If your employer offers access to a retirement plan, consider contributing. A retirement plan like a 401(k) or 403(b) allows you to save money from your paychecks before your employer removes income taxes. That means you don’t pay tax on the money you contribute. The money grows tax-free and you pay tax only when you withdraw it in retirement.
These accounts also have a high annual contribution limit of $20,500 for 2022 (the limit was $19,500 in 2021). So if you’ve got $30,000 to invest, maxing out your 401(k) for the year can help you quickly save a big chunk for retirement.
If you cannot make a maximum contribution, at least contribute enough to meet any employer match. Some employers match employee contributions up to a certain amount. For example, your employer may match 50% of your contribution up to 6% of your salary. So if you earn $100,000 and contribute $8,000 a year (8%), then your employer would contribute $3,000 – matching 50% of your contributions on the first 6%. Not all employers have a matching program, but it’s basically free money and you should take advantage of it if you can.
Individual Retirement Plans
If your employer doesn’t offer a retirement plan, consider one of these individual retirement accounts (IRAs). There are two types of IRA. A traditional IRA offers tax benefits like a 401(k): You don’t pay taxes on your contributions until you withdraw that money in retirement. A Roth IRA, on the other hand, takes post-tax money. You contribute money that you already paid income taxes on.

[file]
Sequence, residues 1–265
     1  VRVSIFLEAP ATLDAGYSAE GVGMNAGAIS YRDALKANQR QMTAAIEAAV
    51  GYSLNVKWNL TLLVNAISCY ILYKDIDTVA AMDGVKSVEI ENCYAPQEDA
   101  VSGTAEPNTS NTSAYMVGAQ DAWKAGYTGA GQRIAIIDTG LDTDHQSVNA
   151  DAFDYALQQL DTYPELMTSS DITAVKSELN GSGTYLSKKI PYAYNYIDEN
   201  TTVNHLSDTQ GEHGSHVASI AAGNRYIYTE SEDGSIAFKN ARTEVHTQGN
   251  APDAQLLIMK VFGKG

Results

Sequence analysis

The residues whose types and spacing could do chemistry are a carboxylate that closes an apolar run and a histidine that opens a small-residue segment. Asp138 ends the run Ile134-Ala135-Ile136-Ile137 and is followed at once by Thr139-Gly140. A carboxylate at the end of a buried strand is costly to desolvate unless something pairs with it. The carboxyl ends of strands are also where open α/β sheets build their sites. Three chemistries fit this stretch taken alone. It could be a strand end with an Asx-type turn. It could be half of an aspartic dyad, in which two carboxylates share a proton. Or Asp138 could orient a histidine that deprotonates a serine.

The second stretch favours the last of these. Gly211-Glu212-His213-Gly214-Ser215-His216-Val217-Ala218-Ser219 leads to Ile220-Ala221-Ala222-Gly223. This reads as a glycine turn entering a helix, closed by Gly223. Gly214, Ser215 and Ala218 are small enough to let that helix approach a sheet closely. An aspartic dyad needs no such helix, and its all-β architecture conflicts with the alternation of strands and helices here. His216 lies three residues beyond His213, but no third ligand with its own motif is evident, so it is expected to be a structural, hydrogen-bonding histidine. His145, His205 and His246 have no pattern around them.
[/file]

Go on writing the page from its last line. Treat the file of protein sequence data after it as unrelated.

The nice thing about a Roth IRA is that, since you already paid taxes, you don’t have to pay taxes when you withdraw the money. Even the gains you’ve earned on your contributions come out tax-free! This might be perfect for you if you’re early in your career and have a low salary. Your income tax rate is probably lower now than it will be later in your career. That means you can save money by paying income taxes now instead of later.
One big consideration is that the maximum IRA contribution is set at $6,000 for 2022 (same as in 2021). That’s significantly lower than a 401(k).
Put Money Into a Health Savings Account (HSA)
A health savings account (HSA) is a tax-advantaged account that allows you to save money for medical expenses. Like a 401(k) and traditional IRA, you contribute money to an HSA before your employer removes payroll taxes. You can use the money in your account at any time, as long as you use it for a qualified medical expense. And the list of qualified expenses is large. It includes everything from hearing aids and vision correction surgery to acupuncture and addiction treatment.
One of the big advantages of an HSA is that all of your money rolls over to the next year if you don’t spend it. This differs from other medical expense accounts, such as flexible spending accountants (FSAs). Another perk is that some employers allow you to invest your HSA money in stocks, bonds or exchange-traded funds (ETFs). The investment option, along with the year-to-year rollover capability, means that HSAs effectively double as a retirement account – like a 401(k) that you can tap for medical expenses. Once you hit 65, you can withdraw funds to use for non-medical expenses, though the withdrawals will be taxed as income.
So even if you don’t have any big medical expenses at the moment, you can start saving now and grow it in an HSA until you need it.
A Few Ways to Invest in the Stock Market
If you already contributed as much as you can for retirement, there are still plenty of other ways to invest your $30,000. The right way for you is going to depend on how much money you plan to invest over time and what your appetite for risk and need for guidance might be. Here are some of the best ways to invest in the stock market:
- Open a Brokerage Account: To invest via the stock market, consider opening a brokerage account. Working with a big brokerage like Vanguard or TD Ameritrade gives you the opportunity to trade individual stocks and other securities.